I wanted to choose from a couple of nuggets, but I choose this one….

“It is intended to fill a crying need. Lots of everyday people have asked me where they can learn about computers, and I have had to say nowhere. Most of what is written about computers for the layman is either unreadable or silly. ”

I find this so relevant to life today, and I actually like how direct Nelson is throughout the whole article. It reminds me of how old people act when trying to use a computer. My parents always ask where they can learn about computers and like Nelson said “any nitwit can understand computers, and many do,” but there are many that don’t. You can’t get a book on how to use computers, it’s silly or nobody can understand it. Some people take classes, and I think to myself like what are you even doing. Some people make using technology so much harder than it is. Nelson talks about how fantics where he is talking about to get getting ideas across by art and science. Also, the “human mind is very supple” and almost everything can be understood, but people set the controls. It’s important to keep an open mind about computers, since I feel like there are some people that don’t. There would be less people crying and asking where they can learn about them from.




5 comments on “CL/DM

  • This is interesting Harpreet, because when I first read this piece, I agreed with Nelson (and you). But, I’ve come to change my mind a bit. While I continue to agree with you that the best way to learn how to use a computer is to use a computer (and not read a book or follow an instruction manual), I feel a little differently about the “nitwit” line. Any “nitwit” can use a computer the way 99.5% of people use computers. But, computing is SO much more than using a computer. Can you program your computer? (I can’t, so I’m not singling you out here). It seems to me that to USE a computer, that is, really USE a computer for what it was built to do, would require computing skills that most of us don’t have.

    We’re all pretty good a web browsing, using basic features of the operating system, and maybe use some productivity software (MS Office), but that’s probably 10% of what a computer can do.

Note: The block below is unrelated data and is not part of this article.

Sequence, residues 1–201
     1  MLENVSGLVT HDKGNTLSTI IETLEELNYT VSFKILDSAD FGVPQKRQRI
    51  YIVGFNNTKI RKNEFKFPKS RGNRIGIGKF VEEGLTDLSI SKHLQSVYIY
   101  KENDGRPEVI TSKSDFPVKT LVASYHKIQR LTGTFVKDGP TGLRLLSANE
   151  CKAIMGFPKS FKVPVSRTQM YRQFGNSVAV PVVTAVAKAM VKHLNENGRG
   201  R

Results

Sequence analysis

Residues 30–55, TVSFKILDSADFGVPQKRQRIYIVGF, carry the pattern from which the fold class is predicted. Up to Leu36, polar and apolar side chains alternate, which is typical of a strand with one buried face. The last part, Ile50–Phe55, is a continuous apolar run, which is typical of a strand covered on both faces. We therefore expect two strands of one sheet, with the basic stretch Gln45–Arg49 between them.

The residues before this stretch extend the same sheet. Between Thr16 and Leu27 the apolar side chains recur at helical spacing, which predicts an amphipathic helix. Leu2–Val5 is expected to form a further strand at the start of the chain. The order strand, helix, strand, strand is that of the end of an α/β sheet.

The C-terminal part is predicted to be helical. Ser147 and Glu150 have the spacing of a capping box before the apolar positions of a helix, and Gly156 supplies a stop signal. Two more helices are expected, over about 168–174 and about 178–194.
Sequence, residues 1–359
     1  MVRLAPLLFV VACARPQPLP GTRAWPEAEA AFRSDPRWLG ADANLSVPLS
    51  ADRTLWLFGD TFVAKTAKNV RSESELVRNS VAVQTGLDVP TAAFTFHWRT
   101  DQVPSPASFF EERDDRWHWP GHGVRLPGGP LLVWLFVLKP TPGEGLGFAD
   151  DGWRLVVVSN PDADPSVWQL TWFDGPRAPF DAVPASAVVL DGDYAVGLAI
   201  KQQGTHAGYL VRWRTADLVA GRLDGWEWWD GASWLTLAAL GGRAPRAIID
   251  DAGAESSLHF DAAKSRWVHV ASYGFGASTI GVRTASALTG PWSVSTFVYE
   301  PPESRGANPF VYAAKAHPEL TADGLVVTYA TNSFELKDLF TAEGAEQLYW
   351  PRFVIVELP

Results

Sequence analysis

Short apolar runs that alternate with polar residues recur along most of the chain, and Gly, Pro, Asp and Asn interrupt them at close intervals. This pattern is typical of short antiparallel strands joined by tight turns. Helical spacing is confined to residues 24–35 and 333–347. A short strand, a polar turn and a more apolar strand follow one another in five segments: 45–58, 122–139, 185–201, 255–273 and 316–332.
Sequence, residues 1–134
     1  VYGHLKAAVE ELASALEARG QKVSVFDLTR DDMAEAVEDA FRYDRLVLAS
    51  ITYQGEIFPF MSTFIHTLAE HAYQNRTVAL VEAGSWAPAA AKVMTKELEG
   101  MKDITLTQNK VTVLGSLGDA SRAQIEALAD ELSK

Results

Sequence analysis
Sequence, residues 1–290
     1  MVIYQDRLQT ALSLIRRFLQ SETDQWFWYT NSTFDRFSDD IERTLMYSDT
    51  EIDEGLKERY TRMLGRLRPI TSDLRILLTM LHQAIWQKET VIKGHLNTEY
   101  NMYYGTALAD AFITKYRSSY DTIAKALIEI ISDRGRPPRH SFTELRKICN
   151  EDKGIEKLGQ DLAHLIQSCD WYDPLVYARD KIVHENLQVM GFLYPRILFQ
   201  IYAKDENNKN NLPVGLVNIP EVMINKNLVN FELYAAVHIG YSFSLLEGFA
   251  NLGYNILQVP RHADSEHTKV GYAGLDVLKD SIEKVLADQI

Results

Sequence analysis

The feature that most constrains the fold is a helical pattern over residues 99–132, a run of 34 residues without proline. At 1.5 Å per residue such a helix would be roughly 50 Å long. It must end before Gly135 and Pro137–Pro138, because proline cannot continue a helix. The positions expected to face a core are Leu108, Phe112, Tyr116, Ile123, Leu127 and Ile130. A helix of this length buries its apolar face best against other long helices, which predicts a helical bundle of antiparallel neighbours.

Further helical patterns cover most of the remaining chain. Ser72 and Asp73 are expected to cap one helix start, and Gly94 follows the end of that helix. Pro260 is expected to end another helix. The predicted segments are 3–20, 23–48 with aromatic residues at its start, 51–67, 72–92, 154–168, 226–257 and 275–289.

What do you think about that?

  • Your post made me think about those “iphone for dummies” books that everyone seems to want to buy (insert laughing emoji). I do agree with you that it is so ironic people who attempt to learn something by doing something else like the example you described. Most people don’t realize that just using logic will actually get you a long way with computers and technology in general. My mom always asks me how to do something on her computer and instead of just telling her (because let’s be real she’ll just forget it anyway) I ask her to do what she THINKS she should do if she were the computer. For the most part this technique actually works!

  • I was taken back a bit at that nitwit line but then I got used to his way of talking.
    I just don’t see it like that. I think it’s the way you grow up and the way your brain is used to thinking. I’m sure there’s more research on this and I remember someone in our class is using it as their research project so that will be exciting to see. But older generations can think in a way that we can’t. And we really grew up with this technology. Absorbing it in the developing brain of a child is much different than trying to do so as an adult.

  • I can relate with this. My grandpa is always asking me how to use his computer or websites or his phone. My grandma works with a computer all day so helping her was not that hard. If my Popa doesn’t get an answer that he likes he gets really mad and goes on a rampage. Frequently complaining about how no one wants to help him learn and my Mammy has to interject that we do he just gets pissed off. I think we all have different levels of adaptability and a mindset on how we are going to take in information. Honestly, I have only found out how to use a computer by sitting on it for hours (when I was younger and actually had time).

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